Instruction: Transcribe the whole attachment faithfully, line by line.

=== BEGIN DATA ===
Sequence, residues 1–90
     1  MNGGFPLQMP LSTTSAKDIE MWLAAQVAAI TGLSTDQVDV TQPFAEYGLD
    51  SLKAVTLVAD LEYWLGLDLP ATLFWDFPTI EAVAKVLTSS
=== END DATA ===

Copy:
Sequence, residues 1–90
     1  MNGGFPLQMP LSTTSAKDIE MWLAAQVAAI TGLSTDQVDV TQPFAEYGLD
    51  SLKAVTLVAD LEYWLGLDLP ATLFWDFPTI EAVAKVLTSS